Anyway, underlining disfigures the book. Why not just make notes of what you think is important? :soapbox:

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PostPosted: Fri Jun 07, 2013 12:55 am 
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:lol: don't worry, I only underline in my own books and normally I use a pencil with very little pressure. The advantage is it helps you find the important passages and you don't look like a complete idiot after quoting from memory :rolleye:

P.S.: but nothing beats the search function of an e-Reader...

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PostPosted: Fri Jun 07, 2013 1:03 am 
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ReasonAndRhyme wrote:
:lol: don't worry, I only underline in my own books and normally I use a pencil with very little pressure. The advantage is it helps you find the important passages and you don't look like a complete idiot after quoting from memory :rolleye:

P.S.: but nothing beats the search function of an e-Reader...

Indeed... :D

On another note, topic reply notifications are now possible? Great.

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PostPosted: Fri Jun 07, 2013 1:38 am 
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Gyaltsen Tashi wrote:

Quote:
I feel I haven't even stepped onto the path.


The intention to step onto the path is the first step onto the path.

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Let peace reign!

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PostPosted: Fri Jun 07, 2013 8:45 am 
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ReasonAndRhyme wrote:
Well, I have the entire 10 volumes of his Treasury of Knowledge to comb through, plus 5 other books by JKLT. If I find that passage or not basically depends on if I was smart enough to underline it when I read it. :shrug:

Meanwhile a similar passage on prostrations from Patrul Rinpoche's Words of my Perfect Teacher, p. 320:

Quote:
"It should also be understood that to do prostrations as though paying a tax serves no purpose and will only bring the wrong results.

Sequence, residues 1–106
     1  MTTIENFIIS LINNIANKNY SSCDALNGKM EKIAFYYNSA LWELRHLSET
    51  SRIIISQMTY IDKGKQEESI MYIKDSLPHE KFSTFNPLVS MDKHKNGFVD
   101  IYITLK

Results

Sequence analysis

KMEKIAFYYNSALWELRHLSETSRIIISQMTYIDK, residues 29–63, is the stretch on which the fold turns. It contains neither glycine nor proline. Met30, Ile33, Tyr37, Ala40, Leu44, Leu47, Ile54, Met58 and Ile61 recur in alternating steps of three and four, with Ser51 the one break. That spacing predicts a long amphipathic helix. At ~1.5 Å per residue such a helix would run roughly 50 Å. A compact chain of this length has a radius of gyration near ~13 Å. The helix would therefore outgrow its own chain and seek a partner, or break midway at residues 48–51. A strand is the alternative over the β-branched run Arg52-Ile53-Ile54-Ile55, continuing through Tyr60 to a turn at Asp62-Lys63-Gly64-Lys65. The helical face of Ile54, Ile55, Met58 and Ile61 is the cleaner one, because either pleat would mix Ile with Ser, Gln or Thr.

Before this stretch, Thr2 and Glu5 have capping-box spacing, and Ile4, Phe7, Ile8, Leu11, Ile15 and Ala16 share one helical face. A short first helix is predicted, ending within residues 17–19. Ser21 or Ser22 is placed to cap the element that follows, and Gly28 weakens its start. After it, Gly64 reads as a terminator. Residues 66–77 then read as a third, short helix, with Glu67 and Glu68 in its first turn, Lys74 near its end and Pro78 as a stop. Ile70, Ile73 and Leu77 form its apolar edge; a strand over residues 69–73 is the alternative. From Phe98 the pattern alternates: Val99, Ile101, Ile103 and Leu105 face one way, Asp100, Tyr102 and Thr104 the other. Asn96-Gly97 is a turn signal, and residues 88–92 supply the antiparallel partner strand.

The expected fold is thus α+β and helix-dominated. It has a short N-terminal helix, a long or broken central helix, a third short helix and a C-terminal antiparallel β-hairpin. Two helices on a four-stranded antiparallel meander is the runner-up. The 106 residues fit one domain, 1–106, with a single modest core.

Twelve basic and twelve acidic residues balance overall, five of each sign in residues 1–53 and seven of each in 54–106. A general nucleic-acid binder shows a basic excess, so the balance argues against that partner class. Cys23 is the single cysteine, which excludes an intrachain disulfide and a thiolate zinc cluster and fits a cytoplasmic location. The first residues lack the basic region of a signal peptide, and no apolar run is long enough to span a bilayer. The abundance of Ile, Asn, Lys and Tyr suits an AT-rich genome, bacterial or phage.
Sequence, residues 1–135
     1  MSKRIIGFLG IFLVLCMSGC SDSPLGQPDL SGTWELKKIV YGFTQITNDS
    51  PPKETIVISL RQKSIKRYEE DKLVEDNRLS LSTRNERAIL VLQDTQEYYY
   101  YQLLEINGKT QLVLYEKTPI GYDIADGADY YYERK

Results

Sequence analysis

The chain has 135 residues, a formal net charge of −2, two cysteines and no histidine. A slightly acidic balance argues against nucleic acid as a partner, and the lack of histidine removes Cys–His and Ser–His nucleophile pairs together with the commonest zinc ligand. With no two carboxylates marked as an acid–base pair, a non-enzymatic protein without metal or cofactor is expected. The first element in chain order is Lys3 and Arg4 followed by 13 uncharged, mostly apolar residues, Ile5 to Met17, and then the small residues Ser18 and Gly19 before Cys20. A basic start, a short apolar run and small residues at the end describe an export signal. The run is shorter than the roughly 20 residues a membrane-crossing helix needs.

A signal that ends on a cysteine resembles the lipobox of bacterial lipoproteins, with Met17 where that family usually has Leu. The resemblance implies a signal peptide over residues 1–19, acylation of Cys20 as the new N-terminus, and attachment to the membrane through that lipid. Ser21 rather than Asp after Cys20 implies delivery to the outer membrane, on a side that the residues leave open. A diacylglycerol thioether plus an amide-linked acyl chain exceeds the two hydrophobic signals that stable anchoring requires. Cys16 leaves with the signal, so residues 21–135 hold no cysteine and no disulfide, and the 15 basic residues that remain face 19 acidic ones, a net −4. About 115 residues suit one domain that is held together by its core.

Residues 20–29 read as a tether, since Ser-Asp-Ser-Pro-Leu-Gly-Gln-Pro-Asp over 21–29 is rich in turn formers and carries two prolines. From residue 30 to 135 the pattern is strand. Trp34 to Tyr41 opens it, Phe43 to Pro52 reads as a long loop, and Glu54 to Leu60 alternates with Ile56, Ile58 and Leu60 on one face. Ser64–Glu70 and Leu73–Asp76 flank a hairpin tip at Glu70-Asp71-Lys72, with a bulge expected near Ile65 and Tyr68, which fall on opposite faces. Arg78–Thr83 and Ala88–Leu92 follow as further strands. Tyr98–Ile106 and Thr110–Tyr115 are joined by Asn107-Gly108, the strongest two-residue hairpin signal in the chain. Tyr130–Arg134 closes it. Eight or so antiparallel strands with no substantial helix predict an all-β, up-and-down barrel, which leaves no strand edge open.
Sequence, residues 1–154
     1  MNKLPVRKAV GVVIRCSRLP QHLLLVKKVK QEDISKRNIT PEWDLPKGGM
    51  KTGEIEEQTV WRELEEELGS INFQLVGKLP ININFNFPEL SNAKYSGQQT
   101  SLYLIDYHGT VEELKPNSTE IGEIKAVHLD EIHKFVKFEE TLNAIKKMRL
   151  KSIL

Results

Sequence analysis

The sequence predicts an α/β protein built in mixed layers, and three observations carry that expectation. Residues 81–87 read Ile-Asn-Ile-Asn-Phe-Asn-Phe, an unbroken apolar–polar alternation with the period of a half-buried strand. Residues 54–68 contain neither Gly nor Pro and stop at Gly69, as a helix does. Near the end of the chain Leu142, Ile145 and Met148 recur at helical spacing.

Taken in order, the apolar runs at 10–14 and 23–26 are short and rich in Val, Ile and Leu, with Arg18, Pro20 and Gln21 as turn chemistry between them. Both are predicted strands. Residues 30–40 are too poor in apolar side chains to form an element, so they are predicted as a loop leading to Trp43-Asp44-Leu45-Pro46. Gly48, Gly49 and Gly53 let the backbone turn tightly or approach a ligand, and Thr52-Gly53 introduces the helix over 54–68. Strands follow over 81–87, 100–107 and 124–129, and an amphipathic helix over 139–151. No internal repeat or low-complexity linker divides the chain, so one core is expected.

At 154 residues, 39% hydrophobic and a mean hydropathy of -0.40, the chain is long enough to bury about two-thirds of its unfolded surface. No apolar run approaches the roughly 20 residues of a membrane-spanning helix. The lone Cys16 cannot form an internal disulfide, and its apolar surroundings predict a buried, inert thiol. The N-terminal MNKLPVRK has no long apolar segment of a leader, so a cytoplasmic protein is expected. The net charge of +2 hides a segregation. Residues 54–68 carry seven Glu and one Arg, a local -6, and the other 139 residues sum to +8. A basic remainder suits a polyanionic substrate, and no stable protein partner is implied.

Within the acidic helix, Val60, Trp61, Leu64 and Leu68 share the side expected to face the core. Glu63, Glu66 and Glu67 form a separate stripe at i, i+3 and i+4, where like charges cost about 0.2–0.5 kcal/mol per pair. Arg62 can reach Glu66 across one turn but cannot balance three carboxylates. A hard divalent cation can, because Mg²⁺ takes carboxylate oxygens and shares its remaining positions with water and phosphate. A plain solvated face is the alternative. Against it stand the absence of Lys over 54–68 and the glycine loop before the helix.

A little bit of logical thinking might also do the trick. Or do you really think it's your ass that's doing the meditation when you sit on your cushion? If the Ngondro has a positive effect depends mostly on the attitude with which you practice, and only practicing it because you think you have to is not a particularly positive attitude.


Of course it depends on your attitude. Practcing tögal with the wrong attitude will not work either. Wrong attitude is in no way limited to practice "because you think you have to do it". Not actually following the timely instructions of your Guru is at the heart of all wrong attitude.

Anyway, JKLT never wrote that, you just misunderstood, just like you misunderstood Patrul Rinpoche above.

/magnus

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PostPosted: Fri Jun 07, 2013 9:31 am 
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heart wrote:
Of course...

... you just misunderstood...

So which is it? :rolling:

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PostPosted: Fri Jun 07, 2013 12:40 pm 
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Pero wrote:
heart wrote:
Of course...

... you just misunderstood...

So which is it? :rolling:


Eh, perhaps I misunderstood to? No, impossible. :smile: I think I did. ReasonAndRhyme is right, no point in doing something you don't put your heart in.

/magnus

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PostPosted: Fri Jun 07, 2013 12:58 pm 
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heart wrote:
Pero wrote:
heart wrote:
Of course...

... you just misunderstood...

So which is it? :rolling:


Eh, perhaps I misunderstood to? No, impossible. :smile: I think I did. ReasonAndRhyme is right, no point in doing something you don't put your heart in.

/magnus


You all are incredible.

:namaste:


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PostPosted: Sat Jun 08, 2013 7:51 am 
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Maybe it sounded as if I was saying that the ngondro is generally optional? That was not my intention. There are certainly practices that require the ngondro as preparation. Like running a marathon requires training for a marathon. But you don't have to be a marathon runner. And as a Vajrayana Buddhist there are other practices you can do which do not require the ngondro.